New Perspectives for Learning - Briefing Paper 64

Engaging People in Active Citizenship in
Central and Eastern Europe

Context of the Research

Across Europe, there is clear evidence of declining engagement in traditional democratic processes, with governments, companies and other organisations considered to be remote, and insufficiently accountable to their stakeholders. Yet, it is also widely believed that globalisation calls for new, and more devolved kinds of political and social structure, in which individual citizens will play a more active part.

The ETGACE project (See Briefing Paper 44) has explored the nature of citizenship in five contrasting Western European countries (UK, Belgium, Finland, Netherlands and Spain) as well as in Slovenia. As a follow-up to the ETGACE project this RE-ETGACE project has explored the issues of active citizenship in Hungary and Romania, as examples of Central and Eastern Europe, where there are different kinds of tensions determined, above all, by the transition into democratic societies. The project has considered active citizens as agents of change that reflexively act upon their social, political and institutional environment for the “public good”.

Key Conclusions

The following key conclusions were reached:

  1. Due to the changing political, economic, social and cultural conditions that have resulted in the transition towards democracy, the issues concerning active citizenship and governance in post-communist Central and Eastern countries, appears to be more complex than in the post-welfare Western European countries.

  2. There are variations in the way people understand and respond to the new opportunities of democracies and institutional developments like the way citizens are considered as consumers and customers within the welfare state. This has created some complexities.

  3. The RE-ETGACE project like in the ETGACE project has acknowledged the existence of a “democratic deficit” across Europe. However, despite quite a few similarities, several divergent patterns and different motives have been observed in Central and Eastern Europe like the erosion of established political structures where democracy has more recently been established.

  4. Problems have been identified at the “democratic hardware” level (legal and political structures and regulations, new democratic institutions) and also at the “democratic software” level (lack of initiatives, institutional and social lack of trust, cynic behaviour, strong penchant for corruption and indifference to voluntary activities). These problems tend to lead to non-participation due to mental heritage, lack of democratic skills and inequalities or lack of access to resources.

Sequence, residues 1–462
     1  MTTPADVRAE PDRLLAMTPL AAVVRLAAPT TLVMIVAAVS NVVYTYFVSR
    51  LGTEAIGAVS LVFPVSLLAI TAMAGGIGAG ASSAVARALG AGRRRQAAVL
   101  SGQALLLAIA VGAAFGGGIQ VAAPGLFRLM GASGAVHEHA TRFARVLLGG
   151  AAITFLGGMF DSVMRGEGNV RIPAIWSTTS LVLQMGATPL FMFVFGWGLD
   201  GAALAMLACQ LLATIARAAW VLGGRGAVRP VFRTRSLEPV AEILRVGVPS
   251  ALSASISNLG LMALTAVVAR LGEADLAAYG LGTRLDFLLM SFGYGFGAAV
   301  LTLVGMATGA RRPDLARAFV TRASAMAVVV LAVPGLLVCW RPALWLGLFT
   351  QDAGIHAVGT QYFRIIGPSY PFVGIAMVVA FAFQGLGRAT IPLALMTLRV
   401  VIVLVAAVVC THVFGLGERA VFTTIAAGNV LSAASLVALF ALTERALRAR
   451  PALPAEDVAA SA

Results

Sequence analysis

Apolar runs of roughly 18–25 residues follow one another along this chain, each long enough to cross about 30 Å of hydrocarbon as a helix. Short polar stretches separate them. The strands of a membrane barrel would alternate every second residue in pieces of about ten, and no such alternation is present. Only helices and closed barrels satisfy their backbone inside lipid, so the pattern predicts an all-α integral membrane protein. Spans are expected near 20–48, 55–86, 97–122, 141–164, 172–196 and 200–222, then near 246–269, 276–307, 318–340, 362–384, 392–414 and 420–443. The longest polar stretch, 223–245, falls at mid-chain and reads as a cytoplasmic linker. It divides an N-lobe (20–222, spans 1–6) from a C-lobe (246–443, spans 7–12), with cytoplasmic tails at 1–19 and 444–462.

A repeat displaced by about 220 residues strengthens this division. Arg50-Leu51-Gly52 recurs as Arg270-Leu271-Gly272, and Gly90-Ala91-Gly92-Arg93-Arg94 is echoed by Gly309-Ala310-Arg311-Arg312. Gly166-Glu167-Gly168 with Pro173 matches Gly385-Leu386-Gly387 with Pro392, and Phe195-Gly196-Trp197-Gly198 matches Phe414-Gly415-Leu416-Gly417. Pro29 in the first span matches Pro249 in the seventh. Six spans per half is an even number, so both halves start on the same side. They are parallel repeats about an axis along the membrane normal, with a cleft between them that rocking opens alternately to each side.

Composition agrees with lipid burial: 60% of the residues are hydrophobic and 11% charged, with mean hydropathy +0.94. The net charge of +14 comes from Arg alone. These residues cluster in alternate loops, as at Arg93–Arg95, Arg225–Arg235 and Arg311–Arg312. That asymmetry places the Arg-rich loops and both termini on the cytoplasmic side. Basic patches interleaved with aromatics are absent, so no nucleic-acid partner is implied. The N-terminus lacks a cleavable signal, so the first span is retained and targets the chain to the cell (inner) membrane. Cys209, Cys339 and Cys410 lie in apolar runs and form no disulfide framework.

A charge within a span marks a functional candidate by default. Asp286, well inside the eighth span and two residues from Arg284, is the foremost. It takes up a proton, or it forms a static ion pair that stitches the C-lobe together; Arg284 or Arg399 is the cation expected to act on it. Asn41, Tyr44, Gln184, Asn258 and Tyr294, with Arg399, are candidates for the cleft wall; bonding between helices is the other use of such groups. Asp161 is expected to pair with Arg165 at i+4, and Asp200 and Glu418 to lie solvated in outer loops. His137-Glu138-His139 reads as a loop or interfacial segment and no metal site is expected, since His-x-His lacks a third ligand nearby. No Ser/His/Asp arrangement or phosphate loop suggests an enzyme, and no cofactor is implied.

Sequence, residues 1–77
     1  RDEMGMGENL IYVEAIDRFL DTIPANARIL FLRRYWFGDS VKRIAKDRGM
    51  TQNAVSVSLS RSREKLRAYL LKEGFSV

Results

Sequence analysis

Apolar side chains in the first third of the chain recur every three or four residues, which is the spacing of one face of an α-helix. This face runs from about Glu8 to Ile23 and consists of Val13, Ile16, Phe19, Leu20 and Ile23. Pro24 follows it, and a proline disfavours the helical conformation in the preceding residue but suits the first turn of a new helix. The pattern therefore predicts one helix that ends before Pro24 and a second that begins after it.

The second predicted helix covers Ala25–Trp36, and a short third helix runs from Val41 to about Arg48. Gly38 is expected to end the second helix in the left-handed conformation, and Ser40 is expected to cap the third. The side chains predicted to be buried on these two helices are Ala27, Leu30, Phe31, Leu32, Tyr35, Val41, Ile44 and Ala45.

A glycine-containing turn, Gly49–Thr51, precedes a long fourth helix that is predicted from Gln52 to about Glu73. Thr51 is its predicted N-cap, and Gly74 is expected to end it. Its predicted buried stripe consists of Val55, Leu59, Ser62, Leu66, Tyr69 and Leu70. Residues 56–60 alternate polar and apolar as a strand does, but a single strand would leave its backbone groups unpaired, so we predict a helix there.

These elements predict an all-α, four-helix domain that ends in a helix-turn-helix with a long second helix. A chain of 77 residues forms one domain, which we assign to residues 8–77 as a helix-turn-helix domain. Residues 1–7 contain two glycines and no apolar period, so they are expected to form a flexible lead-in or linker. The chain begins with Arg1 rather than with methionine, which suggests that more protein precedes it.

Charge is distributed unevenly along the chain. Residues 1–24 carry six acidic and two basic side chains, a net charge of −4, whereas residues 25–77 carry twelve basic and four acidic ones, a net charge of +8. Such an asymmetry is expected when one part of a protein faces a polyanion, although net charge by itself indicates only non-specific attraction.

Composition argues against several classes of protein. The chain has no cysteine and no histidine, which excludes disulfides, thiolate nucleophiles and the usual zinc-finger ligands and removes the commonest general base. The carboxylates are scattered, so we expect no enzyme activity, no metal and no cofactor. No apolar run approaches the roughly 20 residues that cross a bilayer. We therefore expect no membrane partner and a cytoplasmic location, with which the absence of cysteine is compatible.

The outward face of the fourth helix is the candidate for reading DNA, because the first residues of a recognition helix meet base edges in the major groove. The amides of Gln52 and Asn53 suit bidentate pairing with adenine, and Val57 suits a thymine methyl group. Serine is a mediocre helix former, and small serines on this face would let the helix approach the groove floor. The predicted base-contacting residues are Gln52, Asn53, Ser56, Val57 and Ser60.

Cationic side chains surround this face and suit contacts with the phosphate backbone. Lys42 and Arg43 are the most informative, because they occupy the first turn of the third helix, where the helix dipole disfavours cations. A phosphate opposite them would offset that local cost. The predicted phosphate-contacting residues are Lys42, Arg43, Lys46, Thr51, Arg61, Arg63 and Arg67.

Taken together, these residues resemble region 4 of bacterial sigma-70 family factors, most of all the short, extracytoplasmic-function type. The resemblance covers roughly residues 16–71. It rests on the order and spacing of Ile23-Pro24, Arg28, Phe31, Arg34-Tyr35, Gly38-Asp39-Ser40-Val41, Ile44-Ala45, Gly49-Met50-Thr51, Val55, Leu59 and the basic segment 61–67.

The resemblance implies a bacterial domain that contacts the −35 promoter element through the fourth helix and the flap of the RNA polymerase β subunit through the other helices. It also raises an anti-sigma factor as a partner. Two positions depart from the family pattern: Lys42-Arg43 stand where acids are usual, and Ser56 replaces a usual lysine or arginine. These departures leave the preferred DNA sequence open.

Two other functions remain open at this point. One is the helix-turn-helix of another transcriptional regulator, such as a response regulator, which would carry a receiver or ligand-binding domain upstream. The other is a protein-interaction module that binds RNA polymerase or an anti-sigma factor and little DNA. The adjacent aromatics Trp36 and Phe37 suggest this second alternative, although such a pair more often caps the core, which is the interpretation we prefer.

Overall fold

5. The original ETGACE project identified the need to “re-moralise citizens” as a possible solution to the “democratic deficit” by regenerating a sense of community and collective responsibility. The RE-ETGACE project also proposed similar solutions of co-operation, collaboration and partnership that have been mainly defined as strategies for promoting institutional development. Responsibility seems to be the major feature for citizens’ engagement.

  6. However, more importantly there seems to be a need to work at the macro level where real institutional reforms are necessary. Therefore, the most urgent intervention efforts have to be in the area of advocacy oriented towards the legislative changes within democratic and effective institutions.

  7. Active citizens in transition or post-transition countries see their involvement in democratic social transformations as relevant. Sometimes frustration or disappointment regarding the democratic society leads to citizens’ active involvement. Despite difficulties acknowledged, they are devoted to establishing democratic institutions based on general values like human rights, solidarity, and the search for truth.

  8. Similar to the ETGACE project findings, there are very different patterns and personal approaches to active citizenship, which are significantly determined by personal biographies. Nevertheless, the analysis of active citizens’ life paths indicates that beside the subjective dimension of active citizenship, it is possible to reach some objective insights that lead to the construction of social trajectories of active citizens. Responsibility, commitment and perseverance are characteristics of persons regarded as highly relevant by active citizens.

  9. A diversity of practices and sometimes learning strategies was found in all the three domains investigated: state, work and civil society.

  10. However, due to current socio-economic circumstances in Central and Eastern Europe, the work and state/political domains do not create opportunities for individual learning of active citizenship and governance. In fact, apathy, cynicism and un-citizenship behaviour tends to be found in these domains.